- Lohwasser, K. (2017). Fachdidaktisches Coaching in Schulen, schulbasierte Lehrerfortbildung auf mehreren Ebenen. Schulmagazin, 5-10(6), 11–16. [Instructional coaching in schools as school-based, multi-layered teacher development]
- Thompson, J., Hagenah, S., Lohwasser, K., & Laxton, K. (2015). Problems without ceilings: How mentors and novices frame and work on problems-of-practice. Journal of Teacher Education, 66(4), 363–381.
- Kiehle, C., & Lohwasser, K. (2015). Observing for Evidence of Learning—A comprehensive system of teacher collaboration toward a common vision of how students learn science. Unpublished manuscript, Institute for Systems Biology, Seattle, WA.
- Lohwasser, K. (2013). Science-for-teaching discourse in science teachers’ professional learning communities (Doctoral dissertation). University of Washington, Seattle, WA.
- Lohwasser, K. (2004). Didaktische FWU-DVD „Süßwasserfische": Anregungen zum Einsatz im Unterricht. Medienzeit Aktuell, (2), 12–14. [„Freshwater fish”: recommendations for the implementation in science classrooms]
- Schönwitz, R., Lohwasser, K., Kloos, M., & Ziegler, H. (1990). Seasonal variation in the monoterpenes in needles of Picea abies (L.) Karst. Trees—Structure and Function, 4(1), 34–40.
Dr. Karin Lohwasser is a Researcher in the College of Education, University of Washington. Her professional interest focuses on teacher education and professional development, mainly in the area of science. Karin studies the productive collaboration between various players in the education system in support of ambitious and equitable teaching practices, from learning opportunities for pre-service teachers in their field placements to in-service teachers’ learning communities. Her work examines the role of coaches, facilitators and science experts, and the building of Local Improvement Networks.
Current project involvement:
Effective Novice Teachers: How Systems of Support Can Transform the Clinical Experience During Teacher Preparation (NSF-Noyce, PI). This project is a collaboration among four universities and their local school systems, for the purpose of enhancing opportunities to learn for teacher candidates during their clinical experiences in classrooms. Based on findings from our previous study (below), we are now developing tools, collaboration routines, and informational materials for teacher candidates and their mentors. These materials will support the kind of learning opportunities our data suggest that teacher candidates need at various times during their field placements in order to grow professionally and become effective with students in their classrooms. These resources will also support mentors in their role as teacher educators.
The clinical experience for pre-service science educators: An exploratory study of their collegial networks and “opportunity to learn” trajectories (NSF-Noyce, Co-PI): This work examines the experiences of pre-service science teachers in their field placements. We study who pre-service teachers seek out for professional advice, and how they learn to make principled decisions related to their professional activities, in the areas of planning, teaching, assessment, and coming to know one’s students.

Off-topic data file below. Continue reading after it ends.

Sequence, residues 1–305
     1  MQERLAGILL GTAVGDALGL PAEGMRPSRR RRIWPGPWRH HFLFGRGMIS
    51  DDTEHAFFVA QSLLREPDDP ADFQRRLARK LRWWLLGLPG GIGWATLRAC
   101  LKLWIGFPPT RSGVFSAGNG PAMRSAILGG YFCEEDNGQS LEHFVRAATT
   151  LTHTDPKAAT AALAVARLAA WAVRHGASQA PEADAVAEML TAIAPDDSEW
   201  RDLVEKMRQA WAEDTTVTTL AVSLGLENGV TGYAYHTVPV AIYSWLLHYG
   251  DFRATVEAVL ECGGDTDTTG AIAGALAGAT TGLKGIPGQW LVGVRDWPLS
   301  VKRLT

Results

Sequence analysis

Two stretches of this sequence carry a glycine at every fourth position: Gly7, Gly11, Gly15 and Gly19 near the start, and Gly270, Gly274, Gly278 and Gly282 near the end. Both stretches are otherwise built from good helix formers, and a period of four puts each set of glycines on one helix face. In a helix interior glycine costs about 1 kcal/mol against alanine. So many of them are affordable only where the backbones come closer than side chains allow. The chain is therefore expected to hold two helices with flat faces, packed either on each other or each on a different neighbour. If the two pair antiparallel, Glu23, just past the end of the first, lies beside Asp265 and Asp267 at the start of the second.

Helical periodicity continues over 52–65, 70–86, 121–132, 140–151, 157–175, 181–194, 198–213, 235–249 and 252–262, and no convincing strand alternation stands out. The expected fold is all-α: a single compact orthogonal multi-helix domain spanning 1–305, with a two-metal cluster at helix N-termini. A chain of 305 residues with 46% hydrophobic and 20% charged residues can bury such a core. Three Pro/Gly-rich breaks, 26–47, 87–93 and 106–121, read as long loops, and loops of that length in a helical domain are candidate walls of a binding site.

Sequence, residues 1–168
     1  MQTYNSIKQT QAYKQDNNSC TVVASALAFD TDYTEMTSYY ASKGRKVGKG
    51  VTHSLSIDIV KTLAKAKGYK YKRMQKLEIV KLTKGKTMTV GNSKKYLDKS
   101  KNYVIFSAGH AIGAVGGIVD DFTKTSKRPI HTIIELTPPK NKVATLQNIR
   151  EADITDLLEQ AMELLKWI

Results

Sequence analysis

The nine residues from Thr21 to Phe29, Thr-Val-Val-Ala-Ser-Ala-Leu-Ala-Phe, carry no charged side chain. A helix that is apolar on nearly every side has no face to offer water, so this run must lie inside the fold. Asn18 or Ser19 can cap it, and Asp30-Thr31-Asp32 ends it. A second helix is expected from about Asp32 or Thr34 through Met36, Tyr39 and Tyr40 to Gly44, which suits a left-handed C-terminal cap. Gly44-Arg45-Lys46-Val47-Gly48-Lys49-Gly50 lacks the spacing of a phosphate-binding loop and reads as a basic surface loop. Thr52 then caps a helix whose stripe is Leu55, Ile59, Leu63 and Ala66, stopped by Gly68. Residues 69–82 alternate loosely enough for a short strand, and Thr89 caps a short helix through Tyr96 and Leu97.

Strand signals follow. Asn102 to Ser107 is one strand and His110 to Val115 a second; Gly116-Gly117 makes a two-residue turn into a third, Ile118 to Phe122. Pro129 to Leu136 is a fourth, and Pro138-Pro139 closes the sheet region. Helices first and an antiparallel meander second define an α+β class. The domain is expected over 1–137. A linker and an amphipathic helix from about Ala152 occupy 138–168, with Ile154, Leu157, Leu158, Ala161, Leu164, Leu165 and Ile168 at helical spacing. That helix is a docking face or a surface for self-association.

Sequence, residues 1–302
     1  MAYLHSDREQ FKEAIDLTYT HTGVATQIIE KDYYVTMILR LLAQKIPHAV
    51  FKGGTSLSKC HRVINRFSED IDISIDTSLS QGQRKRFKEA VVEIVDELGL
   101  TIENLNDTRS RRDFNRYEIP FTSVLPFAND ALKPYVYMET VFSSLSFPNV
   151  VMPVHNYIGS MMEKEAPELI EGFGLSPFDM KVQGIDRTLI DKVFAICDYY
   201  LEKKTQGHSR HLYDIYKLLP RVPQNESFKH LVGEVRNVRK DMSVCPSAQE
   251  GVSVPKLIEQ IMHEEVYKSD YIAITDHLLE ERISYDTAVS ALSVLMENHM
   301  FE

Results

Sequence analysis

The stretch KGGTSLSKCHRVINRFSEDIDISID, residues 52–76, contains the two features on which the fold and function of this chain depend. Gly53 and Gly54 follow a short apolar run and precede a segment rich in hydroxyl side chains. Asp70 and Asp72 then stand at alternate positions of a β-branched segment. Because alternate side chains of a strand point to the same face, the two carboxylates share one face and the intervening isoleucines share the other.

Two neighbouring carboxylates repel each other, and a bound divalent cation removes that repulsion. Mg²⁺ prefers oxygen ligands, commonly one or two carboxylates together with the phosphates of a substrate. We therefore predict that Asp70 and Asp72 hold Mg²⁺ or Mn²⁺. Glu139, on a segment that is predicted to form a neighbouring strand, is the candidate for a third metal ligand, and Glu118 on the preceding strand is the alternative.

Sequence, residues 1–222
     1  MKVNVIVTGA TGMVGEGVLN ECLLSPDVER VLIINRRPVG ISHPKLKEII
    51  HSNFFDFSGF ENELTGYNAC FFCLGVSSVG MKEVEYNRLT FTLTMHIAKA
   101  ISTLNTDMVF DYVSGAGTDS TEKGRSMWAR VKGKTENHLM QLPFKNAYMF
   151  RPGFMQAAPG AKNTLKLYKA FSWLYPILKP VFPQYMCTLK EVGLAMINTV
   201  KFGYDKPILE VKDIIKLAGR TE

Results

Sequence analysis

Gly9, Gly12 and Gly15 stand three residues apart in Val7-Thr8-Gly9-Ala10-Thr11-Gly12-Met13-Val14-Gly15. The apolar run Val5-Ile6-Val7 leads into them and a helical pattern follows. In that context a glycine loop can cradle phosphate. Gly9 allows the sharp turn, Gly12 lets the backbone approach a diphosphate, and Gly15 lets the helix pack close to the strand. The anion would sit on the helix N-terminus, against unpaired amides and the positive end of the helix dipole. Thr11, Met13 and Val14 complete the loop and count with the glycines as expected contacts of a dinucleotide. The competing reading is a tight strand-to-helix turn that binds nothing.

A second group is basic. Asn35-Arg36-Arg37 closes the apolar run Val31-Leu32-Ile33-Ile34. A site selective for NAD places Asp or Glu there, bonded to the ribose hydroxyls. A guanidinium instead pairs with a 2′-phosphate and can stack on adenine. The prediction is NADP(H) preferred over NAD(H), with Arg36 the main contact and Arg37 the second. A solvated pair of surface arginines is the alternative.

PASTL: Partnership for Ambitious Science Teacher Leaders (MSP, WA State): The PASTL project was developed to support NGSS-aligned ambitious science teaching practices and tools to positively impact the problem of inequity and disengagement in science classrooms. It supports professional development and collaboration between regional science teacher leaders, coaches, science experts, university and educational school district partners to share and enhance our common expertise.
Past project involvement:
Building Capacity for Ambitious Science Teaching & Next Generation Science Standards through Networked Improvement Communities (NSF): This design-based implementation project supported the development of Local Improvement Networks with science teachers, science and English Learner (EL) coaches and principals in 10 schools and the development of an innovation hub. This community is seeking to improve teaching and learning for all students, but EL students in particular.
Observing for Evidence of Learning (NSF, Institute for Systems Biology): Developed as a comprehensive professional development series, this work supported science teachers to collaboratively learn and better target standards and to engage all students in rigorous science. For over ten years, professional learning communities within and across schools were implemented in eight regional school districts. http://logancenter.systemsbiology.net/oel/
Systems Education Approach to Science (HHMI, Institute for Systems Biology): This project developed a model for teacher leadership and integration of science education in 13 regional elementary schools.
While pursuing her doctoral studies at the University of Washington, Karin worked as a science coach for the secondary teacher education program and started the high school science course at Seattle World School, which serves immigrant students. Prior to that, she was project manager and professional development provider at the Institute for Systems Biology’s Logan Center, closely collaborating with scientists, and partners at school districts and universities.
In Germany, she led as executive producer, editor and author the science department at the media institute of the federal states (Institute for Film and Image in Science and Education, FWU). And she still draws from her experience as a classroom teacher: For over 12 years, she taught 5th- through 13th-grade biology and chemistry, including AP courses in genetics, evolution, ecology, and neurosciences/behavioral sciences at several secondary schools (Gymnasien) in Germany and at the German School London (United Kingdom).
Her personal interests are cooking (and the scientific, environmental, and social aspects of food), traveling, hiking, cycling, reading, and Pilates.